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Around the time Sex and the City ended its tremendously successful run on HBO in 2004, Cynthia Nixon noticed a change in the way people responded to her on the street.
“I’ve been acting since I was 12, so there have always been a certain number of people who knew who I was, but it was small,” says Nixon, who portrays the cynical, type A lawyer Miranda Hobbes on SATC. “There were a number of years when people would recognize me as Miranda, and suddenly people recognized me. They knew my name. We sort of jumped from just being those characters to actually people knowing us as actors.”
Six years and one summer blockbuster later, Nixon’s not the kind of TV and movie star you might expect. Despite the mania surrounding the 2008 SATC movie reunion—and the hype surrounding the May 27 premiere of Sex and the City 2, this Tony, Grammy, and two-time Emmy recipient walks the fine line between fame and discretion with ease. She maintains a calm, centered remove from the tabloid rumors (for the most part) and, at the same time, is candid and forthcoming about her life. She holds her privacy dear but refuses to let celebrity force her to abandon the workaday tasks around her Upper West Side Manhattan home that the nonfamous begrudgingly take for granted. It’s that authenticity that makes Nixon a favorite among both gay men, drawn to SATC’s archetypal women, and lesbians, who are thrilled to have her on their team.
When SATC writer and director Michael Patrick King presented Nixon with the Vito Russo Award at this year’s GLAAD Awards, he described her as being out: out and proud as an actress, out as a breast cancer survivor, out as a woman who was with a man for 15 years, and out as a woman who is now in love with a woman. Nixon’s been doing a lot of coming out in the past few years.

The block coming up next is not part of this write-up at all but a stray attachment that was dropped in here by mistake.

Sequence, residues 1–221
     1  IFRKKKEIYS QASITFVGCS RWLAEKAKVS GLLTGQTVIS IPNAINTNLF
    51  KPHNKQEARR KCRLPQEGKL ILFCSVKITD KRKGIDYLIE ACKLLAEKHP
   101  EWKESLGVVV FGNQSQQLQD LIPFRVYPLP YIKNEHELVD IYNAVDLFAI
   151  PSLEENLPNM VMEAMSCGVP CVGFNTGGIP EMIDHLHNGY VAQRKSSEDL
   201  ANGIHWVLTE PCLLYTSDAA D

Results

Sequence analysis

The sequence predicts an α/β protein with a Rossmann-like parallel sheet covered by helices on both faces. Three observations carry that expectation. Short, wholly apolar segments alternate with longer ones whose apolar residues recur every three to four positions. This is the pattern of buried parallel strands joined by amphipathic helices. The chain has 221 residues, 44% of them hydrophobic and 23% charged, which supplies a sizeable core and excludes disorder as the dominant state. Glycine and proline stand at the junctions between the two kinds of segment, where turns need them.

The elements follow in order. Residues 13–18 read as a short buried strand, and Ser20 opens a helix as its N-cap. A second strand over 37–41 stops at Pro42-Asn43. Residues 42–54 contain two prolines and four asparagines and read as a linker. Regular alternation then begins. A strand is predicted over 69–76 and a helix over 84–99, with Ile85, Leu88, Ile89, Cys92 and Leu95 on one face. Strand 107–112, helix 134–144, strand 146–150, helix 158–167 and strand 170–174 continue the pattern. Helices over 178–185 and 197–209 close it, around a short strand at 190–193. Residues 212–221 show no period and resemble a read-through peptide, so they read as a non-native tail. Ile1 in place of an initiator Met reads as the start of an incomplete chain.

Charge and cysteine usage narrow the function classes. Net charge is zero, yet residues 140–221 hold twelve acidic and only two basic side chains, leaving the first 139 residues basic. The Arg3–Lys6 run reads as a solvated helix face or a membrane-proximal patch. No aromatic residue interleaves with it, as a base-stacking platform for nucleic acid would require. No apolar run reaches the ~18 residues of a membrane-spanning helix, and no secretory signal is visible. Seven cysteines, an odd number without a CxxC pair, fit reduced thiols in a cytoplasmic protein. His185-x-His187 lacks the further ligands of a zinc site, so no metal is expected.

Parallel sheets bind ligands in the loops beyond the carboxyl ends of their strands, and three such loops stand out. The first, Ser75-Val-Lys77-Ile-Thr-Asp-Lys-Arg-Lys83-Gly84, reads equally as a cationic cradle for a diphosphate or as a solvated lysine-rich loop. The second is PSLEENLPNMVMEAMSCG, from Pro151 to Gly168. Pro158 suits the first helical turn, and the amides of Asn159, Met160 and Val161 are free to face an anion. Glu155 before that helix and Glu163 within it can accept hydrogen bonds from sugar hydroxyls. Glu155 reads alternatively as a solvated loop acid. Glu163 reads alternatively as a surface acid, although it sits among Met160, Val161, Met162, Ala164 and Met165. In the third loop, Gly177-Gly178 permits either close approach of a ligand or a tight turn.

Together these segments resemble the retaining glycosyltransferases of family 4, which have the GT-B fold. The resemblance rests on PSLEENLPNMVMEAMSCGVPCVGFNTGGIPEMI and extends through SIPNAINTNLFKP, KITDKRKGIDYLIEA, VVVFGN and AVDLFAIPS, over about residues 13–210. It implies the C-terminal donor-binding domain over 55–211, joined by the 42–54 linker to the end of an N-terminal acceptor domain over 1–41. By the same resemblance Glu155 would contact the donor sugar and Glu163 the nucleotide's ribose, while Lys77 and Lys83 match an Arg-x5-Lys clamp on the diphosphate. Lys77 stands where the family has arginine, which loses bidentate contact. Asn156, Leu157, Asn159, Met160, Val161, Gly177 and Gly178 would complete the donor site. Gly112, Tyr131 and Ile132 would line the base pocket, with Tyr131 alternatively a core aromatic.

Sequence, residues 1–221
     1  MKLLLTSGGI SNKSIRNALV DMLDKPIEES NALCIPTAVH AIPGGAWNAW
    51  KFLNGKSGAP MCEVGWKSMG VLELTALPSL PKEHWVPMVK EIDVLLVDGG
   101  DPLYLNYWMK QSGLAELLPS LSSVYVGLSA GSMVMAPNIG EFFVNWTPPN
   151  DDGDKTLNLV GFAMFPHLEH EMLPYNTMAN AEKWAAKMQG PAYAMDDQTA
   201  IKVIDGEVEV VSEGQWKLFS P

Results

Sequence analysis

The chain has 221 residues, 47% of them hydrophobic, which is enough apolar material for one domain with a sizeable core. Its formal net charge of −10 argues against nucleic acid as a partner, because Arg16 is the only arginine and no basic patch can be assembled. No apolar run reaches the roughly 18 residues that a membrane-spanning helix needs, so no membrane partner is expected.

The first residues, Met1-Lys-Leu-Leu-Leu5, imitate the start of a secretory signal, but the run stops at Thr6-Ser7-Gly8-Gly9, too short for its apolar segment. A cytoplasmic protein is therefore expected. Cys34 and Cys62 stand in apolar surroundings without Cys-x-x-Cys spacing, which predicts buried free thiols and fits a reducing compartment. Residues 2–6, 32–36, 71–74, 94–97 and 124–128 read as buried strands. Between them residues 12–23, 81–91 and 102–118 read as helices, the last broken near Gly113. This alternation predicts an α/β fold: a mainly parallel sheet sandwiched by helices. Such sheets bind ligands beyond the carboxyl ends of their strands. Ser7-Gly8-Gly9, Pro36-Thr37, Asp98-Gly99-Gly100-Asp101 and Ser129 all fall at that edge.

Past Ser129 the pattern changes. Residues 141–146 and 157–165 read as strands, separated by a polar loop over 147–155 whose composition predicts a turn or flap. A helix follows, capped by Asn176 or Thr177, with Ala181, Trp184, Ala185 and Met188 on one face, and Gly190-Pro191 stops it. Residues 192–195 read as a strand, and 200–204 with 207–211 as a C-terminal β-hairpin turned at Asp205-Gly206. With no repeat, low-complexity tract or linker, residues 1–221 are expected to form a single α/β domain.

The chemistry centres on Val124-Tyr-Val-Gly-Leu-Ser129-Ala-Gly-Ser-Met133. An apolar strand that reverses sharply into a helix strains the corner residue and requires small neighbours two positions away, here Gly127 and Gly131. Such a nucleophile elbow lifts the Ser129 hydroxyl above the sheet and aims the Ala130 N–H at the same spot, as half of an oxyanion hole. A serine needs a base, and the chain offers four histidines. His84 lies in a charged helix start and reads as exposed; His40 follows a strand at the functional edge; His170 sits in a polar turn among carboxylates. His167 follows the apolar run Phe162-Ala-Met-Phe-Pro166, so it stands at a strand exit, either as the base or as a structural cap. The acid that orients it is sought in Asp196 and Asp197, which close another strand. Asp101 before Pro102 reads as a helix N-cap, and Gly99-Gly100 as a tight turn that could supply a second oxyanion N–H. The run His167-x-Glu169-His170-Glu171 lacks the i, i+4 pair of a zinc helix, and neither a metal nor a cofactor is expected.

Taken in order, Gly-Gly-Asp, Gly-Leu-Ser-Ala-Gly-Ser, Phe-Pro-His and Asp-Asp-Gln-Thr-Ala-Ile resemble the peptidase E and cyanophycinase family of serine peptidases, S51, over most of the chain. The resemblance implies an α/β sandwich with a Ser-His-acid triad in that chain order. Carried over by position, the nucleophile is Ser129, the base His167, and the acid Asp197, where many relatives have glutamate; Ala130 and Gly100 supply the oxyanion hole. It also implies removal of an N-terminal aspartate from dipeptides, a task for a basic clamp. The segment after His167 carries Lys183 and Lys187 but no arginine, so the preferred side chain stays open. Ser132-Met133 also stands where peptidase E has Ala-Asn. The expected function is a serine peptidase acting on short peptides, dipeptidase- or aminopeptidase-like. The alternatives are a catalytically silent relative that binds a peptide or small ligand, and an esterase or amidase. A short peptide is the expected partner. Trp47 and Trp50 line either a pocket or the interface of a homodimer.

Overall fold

She met partner Christine Marinoni (then an education organizer) in 2001, when Nixon was campaigning to reduce public-school class sizes in New York City. The two women became friends and confidants during Nixon’s 2003 split from Danny Mozes, her partner of 15 years and the father of her two children, 13-year-old Samantha and 7-year-old Charles. She and Marinoni started dating in 2004.
Nixon’s either reluctant to talk about the tipping point—from friend to girlfriend—or there’s simply not a clear delineation between the two. But her costar and close friend Kristin Davis, who plays SATC’s proper Charlotte York, says there never really was “a coming-out moment.” Although Davis says she’d “met and known Christine,” she didn’t have any inkling of their budding relationship until it dawned on her how much Nixon was devoting to the schools campaign—and to Marinoni. “They’d be on the phone and writing speeches,” Davis says, “and I thought, She’s really into this.”
Her costars weren’t the only ones to take notice. “Shortly after we started seeing each other—like a month after—we got a press inquiry about it,” Nixon says. “And I thought, This is crazy.”
Uninterested in addressing media questions about her new relationship (or the gender of her steady date), Nixon understood that she might need help managing the new attention, so she hired a publicist for the first time. He was “a very nice man who I won’t name, but he does have a number of clients who are closeted,” she says, adding that the publicist’s approach was to kill all the rumors—to essentially deny that Nixon was seeing a woman.